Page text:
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Cats, Kidney Failure, and dying

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    Cats, Kidney Failure, and dying

    I know nothing about cats. I have a good friend that is elderly and doesn't have internet. Her siamese cat is 13. When he started having issues eating she took him to the vet thinking it was a dental problem. He did need a couple teeth attended to, but blood work etc. indicated he is in kidney failure.

    He stayed at the clinic for about 5 days getting fluids, antibiotics, etc. Apparently his numbers were improving. While they didn't paint the rosiest picture of prognosis, they did lead her to believe he could live a while (years) if maintained properly. Otherwise, she would have chosen euthanasia right there at the clinic.

    He has been home now for a little over a week and is going downhill. She said he hasn't eaten in a couple days and he peed on the floor which is out of character. She knows he is dying and it's just a matter of time.

    Now to the problem. She does not want to take him back to the clinic for euthanasia because she feels it is so stressful for him to
    be in a cage and with strangers when he passes. She is at this point choosing to let him die at home. The question she needs to know is what kind of death this will be. If he doesn't eat, will he die of starvation? Will his kidney's just shut down and then the heart will shut down? Will he be in pain with any of this?

    These may sound like crazy questions, but this is what she is wondering and she is going through much anxiety and worry what with being elderly, alone, and stuck inside with covid.

    Note: I will not respond to baits and snarks on my posts.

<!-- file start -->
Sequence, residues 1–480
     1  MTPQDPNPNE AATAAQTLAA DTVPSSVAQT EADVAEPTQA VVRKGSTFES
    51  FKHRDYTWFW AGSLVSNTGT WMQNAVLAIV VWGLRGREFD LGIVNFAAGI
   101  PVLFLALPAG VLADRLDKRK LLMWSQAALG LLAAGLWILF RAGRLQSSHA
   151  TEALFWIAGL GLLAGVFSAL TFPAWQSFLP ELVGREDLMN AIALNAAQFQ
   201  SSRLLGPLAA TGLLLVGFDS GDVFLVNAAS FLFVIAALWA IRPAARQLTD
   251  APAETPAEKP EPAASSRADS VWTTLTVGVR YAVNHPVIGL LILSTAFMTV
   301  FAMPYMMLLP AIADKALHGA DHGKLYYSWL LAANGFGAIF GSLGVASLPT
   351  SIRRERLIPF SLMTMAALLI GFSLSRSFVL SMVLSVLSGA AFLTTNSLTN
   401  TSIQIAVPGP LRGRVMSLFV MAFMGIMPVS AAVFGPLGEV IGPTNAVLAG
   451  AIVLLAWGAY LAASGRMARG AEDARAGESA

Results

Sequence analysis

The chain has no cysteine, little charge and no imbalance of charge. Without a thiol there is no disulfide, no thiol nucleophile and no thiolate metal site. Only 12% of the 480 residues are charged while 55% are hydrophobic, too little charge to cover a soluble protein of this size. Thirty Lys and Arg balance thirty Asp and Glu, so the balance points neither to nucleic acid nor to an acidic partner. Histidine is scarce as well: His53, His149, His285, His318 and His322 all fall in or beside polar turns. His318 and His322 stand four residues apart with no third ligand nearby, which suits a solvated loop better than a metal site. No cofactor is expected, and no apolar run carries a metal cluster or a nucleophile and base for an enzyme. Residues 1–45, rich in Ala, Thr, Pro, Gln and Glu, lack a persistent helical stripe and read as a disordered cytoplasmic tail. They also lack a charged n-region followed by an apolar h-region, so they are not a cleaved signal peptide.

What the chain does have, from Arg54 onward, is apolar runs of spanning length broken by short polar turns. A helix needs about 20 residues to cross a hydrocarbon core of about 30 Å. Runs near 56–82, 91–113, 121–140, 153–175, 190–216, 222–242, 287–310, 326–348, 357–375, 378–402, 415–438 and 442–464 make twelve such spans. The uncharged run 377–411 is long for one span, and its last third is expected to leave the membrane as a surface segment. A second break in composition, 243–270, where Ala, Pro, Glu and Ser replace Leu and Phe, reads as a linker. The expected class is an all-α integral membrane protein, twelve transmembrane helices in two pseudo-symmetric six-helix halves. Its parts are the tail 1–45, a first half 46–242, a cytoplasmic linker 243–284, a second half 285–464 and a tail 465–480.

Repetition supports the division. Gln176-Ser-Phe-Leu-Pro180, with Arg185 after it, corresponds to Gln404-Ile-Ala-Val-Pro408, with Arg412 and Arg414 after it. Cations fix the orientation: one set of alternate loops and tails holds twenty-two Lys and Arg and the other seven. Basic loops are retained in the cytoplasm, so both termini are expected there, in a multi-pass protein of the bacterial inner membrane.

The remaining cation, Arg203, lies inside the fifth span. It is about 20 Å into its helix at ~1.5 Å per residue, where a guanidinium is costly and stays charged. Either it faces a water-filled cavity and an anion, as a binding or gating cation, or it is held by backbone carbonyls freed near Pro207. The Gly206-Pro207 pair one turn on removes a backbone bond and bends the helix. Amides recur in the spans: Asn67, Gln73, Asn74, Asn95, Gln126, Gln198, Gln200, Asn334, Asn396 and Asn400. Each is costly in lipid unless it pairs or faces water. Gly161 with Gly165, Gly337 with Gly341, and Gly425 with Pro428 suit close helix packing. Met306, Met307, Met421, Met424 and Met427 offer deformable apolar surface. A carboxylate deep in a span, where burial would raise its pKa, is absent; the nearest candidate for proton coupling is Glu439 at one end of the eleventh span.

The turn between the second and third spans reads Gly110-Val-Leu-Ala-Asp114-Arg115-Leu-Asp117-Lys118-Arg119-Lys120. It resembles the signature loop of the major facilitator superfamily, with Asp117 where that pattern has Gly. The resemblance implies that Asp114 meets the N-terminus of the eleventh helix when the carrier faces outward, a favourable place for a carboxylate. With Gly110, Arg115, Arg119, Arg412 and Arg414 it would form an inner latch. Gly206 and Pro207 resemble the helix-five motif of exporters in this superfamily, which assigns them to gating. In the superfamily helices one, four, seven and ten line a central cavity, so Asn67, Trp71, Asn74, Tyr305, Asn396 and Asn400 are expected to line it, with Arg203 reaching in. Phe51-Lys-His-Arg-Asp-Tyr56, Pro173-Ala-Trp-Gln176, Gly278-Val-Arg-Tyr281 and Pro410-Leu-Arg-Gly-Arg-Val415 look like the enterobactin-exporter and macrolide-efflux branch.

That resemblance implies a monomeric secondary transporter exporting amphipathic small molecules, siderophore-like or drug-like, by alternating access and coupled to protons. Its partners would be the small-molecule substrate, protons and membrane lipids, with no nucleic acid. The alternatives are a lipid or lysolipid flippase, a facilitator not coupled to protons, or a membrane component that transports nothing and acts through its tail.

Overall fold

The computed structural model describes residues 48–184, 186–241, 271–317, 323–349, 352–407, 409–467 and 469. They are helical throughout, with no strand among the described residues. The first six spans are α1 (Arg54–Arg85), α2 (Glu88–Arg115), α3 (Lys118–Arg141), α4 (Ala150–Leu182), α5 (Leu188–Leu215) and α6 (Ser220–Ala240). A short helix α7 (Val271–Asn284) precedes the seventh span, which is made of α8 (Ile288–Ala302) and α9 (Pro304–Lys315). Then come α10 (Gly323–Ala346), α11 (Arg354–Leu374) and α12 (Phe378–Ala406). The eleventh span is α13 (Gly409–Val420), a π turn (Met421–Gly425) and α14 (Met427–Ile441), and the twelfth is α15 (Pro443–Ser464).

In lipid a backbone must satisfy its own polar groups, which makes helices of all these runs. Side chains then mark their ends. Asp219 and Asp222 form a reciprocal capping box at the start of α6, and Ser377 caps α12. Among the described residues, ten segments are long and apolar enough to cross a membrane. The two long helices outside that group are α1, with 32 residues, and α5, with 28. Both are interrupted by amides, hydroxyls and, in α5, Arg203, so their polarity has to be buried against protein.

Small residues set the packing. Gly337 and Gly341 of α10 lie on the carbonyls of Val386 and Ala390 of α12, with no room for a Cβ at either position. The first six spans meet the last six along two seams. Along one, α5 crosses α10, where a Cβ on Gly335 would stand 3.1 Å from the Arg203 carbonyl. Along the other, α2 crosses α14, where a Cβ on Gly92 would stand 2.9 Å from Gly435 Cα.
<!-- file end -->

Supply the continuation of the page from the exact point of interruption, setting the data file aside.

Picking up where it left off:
#2
    Around here there is a vet service that will come to your home for euthanasia.

    I can’t imagine it would be a comfortable death...starving and dehydrated. My Mom’s little dog died of kidney failure. There is no way I could have just let her die. She was already a skeleton as she hadn’t been eating well for a few weeks (not for lack of trying and medication to boost her appetite) but the day she quit eating AND drinking, she was euthanized.

    An elderly friend of mine was of a similar thought with her kidney failure cat but she ended up euthanizing as it was evident the cat was painful.

    Jingles to your friend. I think the end of suffering more important than the location but that is my opinion. Most vets have a special room with furniture (couch or big plush chairs). The vet where I took Mom’s dog had a couch and a fireplace. Very much NOT a clinical atmosphere. Once they are sedated, they are very calm. Do check to see if there is a local service. One is called Lap of Love. Just google euthanasia done at home.

    Susan

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      #3
      Euthanasia at home is what I've always done and find is easiest on the animal and owner.
      Mean Girls grow up to be Mean Women

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        #4
        I put down my elderly cat at home. She also had renal failure. She was totally at peace and not at all worried about the vet being there. It was absolutely worth the extra money. Except in cases of extreme emergency, I will always opt to do euthanasia at home.

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          #5
          Renal failure is a terrible, awful way for any animal to die.

          Please, please, please support your friend in having an at-home euthanasia service out.

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            #6
            I agree, see if you can get an in-home euthanasia.

            My mother just put her oldest failed TNR kitty to sleep last night for kidney failure (renal). One thing you should tell your friend, that it is very painful and they are not themselves as their organs shut down. The kitty your friend has gotten used to, grown and loved, will suffer awfully and will not be the kitty they are used to. They get withdrawn and they hide - they do not want affection or attention, and they die slowly. It's best if they can get PTS ASAP.

            Big hugs. It's never easy but with renal failure, the reality often makes the decision just a little bit easier -- it's almost never too soon for them to go once they are in renal failure.
            AETERNUM VALE, INVICTUS - 7/10/2012

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              #7